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Physics Seminar: February 1, 2013

Dr. Dave Seely

"Pros and Cons of Nuclear Power"

Abstract

Proponents of nuclear power argue that nuclear energy is economical, safe, and good for the environment. Critics maintain that fission reactors are neither safe nor clean, and cite the Fukushima Daiichi and Chernobyl power plant disasters, among others, along with problems that are associated with the disposal of nuclear waste. Some also argue that nuclear power plants that reprocess spent fuel may contribute to the proliferation of fissile material for use in weaponry ("dirty bombs") and that nuclear power plants are a public health risk, at least to people living in the vicinity of nuclear power plants and waste repositories.

In this talk, we will take a brief look at the physics of nuclear energy and then examine elements of the pro and con debate. If there is time and interest, we also will take a brief look at some next-generation nuclear energy technology such as the Next Generation Nuclear Plant (NGNP) project at the Idaho National Laboratory and/or the ITER experimental fusion reactor.

Norris 102, 2:15 - 3:20 p.m.

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Career Opportunities

Effren Grettenberger, Peter Verhaeghe and Michah Bryan in the Fall 2011 production of Shakespeare's As You Like It.
Effren Grettenberger, Peter Verhaeghe and Michah Bryan in the Fall 2011 production of Shakespeare's As You Like It.

Professions open to graduates of the department include theatre performance, production design, arts management, teaching at all levels, arts criticism and arts advocacy. Many of our majors pursue graduate study in the specialized fields of performance, directing, design, theatre history and literature and criticism.

Theatre

What you’ll study.

Acting and directing. Dramatic theory, history, and criticism. Theatrical design and technology. You’ll learn from faculty who have extensive experience as professional actors, directors, and producers. And you’ll learn in courses that balance critical, theoretical writing and discussion with practical training and personal coaching. Majors and minors.

What you’ll do.

Get on stage or work backstage—every Albion student is invited. We put on four department productions a year, along with two student workshops of plays in the fall and spring. With experience, you can design for productions. Spend time off campus studying in New York or abroad, or work on campus through work-study. Theatre internship opportunities.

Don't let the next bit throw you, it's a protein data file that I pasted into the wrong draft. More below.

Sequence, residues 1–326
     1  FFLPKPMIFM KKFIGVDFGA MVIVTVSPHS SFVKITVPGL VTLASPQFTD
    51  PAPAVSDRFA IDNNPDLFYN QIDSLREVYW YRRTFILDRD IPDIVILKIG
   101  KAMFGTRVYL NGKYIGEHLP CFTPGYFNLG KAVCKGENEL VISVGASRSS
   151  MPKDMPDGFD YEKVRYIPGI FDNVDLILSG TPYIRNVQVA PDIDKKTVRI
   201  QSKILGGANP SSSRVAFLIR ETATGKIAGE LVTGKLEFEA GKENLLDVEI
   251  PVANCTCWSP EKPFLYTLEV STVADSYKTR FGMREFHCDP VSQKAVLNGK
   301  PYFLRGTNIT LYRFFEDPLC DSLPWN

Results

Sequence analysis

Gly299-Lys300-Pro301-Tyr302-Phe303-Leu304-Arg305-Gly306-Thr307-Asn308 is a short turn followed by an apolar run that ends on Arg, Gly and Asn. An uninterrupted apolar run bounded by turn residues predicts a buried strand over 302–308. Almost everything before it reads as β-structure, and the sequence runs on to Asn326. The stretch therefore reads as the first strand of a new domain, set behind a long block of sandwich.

Where you’ll go.

Auditions. Connections. Experience. Whether you enter the field or continue your advanced studies, you’ll benefit from our close ties to professional theatres, festivals, and the New York Arts Program. Potential career paths.

Experience Opportunities

Professors Trisha Franzen and Ruth Schmitter talk about the women's and gender studies program with a student.Drawing on the knowledge and methodologies associated with a number of different disciplines, the Albion women's and gender studies prorgram examines the role of gender through five distinct areas of study: Historical Contexts, Representations, Global Perspectives, Self-Making, and Institutions or Systems of Knowledge. Each area uses cross-cultural or multicultural investigations to understand the dynamics and differences in the operation of gender.

Within specific contexts but also across differences, the program also focuses on the lives of women—on women's past and present active involvement in the making of the world. Students experience this ongoing interplay of theory and practice both in the classroom and in the field, through research as well as through off-campus opportunities, including:

Please contact the Women's and Gender Studies Department for more information about the experiential learning possibilities within our program.

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